Black Sea: A bulwark in the new cold war between Russia and the US

By Marcel Gascón

Bucharest, Oct 15 (efe-epa).- Russia’s annexation of the Crimea peninsula in 2014 thrust Romania to the front line of a new cold war emerging between Moscow and Washington just 10 years after the southeastern European nation joined Nato.

Romania’s location has established it as a crucial element of the Alliance’s defense strategy in Europe.

“The most important battle for Europe’s future happened long ago between West and East Germany. Nowadays it is taking place in the Black Sea region,” Iulian Fota, the director-general of the Romanian Diplomatic Institute, tells Efe.

“In recent years, Romania has been facing major geopolitical changes and new paradigms that we had not seen since the end of the Cold War. One of these paradigms is that we have become a frontline state.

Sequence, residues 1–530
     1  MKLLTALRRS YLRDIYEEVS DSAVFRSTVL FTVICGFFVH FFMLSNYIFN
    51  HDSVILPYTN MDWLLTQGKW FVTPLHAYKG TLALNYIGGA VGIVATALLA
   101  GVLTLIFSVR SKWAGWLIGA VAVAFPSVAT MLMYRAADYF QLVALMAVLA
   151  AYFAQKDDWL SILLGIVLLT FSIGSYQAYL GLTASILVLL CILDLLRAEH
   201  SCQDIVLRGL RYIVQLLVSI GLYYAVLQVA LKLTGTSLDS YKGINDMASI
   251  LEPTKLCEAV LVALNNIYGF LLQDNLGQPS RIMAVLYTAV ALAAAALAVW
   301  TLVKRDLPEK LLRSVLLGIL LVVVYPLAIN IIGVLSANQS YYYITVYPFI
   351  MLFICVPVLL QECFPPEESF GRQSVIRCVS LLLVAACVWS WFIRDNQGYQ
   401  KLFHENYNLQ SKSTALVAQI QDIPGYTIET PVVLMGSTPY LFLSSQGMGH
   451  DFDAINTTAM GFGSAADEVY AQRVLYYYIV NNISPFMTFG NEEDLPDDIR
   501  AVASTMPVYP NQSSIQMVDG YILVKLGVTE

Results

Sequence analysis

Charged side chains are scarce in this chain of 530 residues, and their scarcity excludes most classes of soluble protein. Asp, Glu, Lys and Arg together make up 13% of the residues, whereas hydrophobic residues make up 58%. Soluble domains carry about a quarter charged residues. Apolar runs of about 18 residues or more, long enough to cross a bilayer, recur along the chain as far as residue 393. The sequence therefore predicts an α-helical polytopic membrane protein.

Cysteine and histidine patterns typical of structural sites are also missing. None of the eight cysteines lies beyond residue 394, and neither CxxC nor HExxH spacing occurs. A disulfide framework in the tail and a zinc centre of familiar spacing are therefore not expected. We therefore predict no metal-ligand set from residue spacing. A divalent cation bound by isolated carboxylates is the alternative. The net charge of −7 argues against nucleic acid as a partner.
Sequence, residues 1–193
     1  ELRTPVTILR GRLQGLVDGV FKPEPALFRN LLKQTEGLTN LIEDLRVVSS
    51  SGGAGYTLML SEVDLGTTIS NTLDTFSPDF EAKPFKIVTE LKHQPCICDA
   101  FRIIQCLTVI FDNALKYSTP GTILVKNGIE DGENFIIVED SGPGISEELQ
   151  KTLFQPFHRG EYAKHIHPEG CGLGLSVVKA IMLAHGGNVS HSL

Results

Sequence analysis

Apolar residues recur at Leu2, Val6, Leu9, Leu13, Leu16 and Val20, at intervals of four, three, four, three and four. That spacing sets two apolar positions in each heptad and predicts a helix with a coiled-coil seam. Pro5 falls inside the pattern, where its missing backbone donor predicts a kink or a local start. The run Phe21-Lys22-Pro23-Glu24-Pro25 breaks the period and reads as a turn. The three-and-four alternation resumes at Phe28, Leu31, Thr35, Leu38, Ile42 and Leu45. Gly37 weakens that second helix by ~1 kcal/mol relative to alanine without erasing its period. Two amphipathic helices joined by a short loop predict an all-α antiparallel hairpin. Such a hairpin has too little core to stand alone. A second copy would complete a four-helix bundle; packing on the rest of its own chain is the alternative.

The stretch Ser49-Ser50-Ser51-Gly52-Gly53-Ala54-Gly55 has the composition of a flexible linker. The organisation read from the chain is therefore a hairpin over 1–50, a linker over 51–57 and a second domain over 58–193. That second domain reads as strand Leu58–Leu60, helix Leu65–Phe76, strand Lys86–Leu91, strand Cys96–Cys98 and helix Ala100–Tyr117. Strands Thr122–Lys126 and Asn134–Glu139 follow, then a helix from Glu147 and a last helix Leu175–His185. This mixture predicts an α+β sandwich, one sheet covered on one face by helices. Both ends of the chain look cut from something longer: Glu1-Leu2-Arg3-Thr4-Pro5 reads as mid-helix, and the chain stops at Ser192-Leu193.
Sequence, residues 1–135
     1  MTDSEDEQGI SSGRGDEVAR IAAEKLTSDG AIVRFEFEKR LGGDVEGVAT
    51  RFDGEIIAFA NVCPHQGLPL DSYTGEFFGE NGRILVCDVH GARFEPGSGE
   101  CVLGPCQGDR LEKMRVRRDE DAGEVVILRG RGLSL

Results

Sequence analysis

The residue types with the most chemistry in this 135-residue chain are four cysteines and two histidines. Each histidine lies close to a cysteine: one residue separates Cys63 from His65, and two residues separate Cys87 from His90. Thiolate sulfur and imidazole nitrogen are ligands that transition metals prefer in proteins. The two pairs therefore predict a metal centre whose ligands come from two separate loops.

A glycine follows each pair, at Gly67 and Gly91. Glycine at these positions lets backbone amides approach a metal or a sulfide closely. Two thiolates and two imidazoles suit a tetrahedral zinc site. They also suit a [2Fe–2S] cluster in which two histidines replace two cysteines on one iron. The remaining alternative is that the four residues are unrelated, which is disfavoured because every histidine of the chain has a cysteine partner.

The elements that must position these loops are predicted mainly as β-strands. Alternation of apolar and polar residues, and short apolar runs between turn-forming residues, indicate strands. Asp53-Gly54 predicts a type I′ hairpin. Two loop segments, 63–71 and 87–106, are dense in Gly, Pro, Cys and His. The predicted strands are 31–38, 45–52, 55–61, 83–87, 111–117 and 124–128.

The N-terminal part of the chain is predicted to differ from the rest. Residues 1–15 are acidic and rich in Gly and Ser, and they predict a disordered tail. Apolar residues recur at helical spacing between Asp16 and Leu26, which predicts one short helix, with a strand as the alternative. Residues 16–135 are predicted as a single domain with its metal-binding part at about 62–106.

“The confrontation between Russia and the US and the rest of the Western world for the future of Europe is taking place in this region.”


Since its annexation of Crimea from Ukraine, Russia has increased its military presence in the Black Sea with warplanes, navy ships, submarines and missile systems of various ranges. It also places restrictions in the Kerch Strait, which links the Black Sea with the Sea of Azov.

The move hampered Ukraine’s access to the wider Black Sea and resulted in a violent stand-off.

Russia’s Armed Forces use the body of water as a theater for military drills with tens of thousands of soldiers, which has led to minor incidents with US-allied nations in the region such as Romania.

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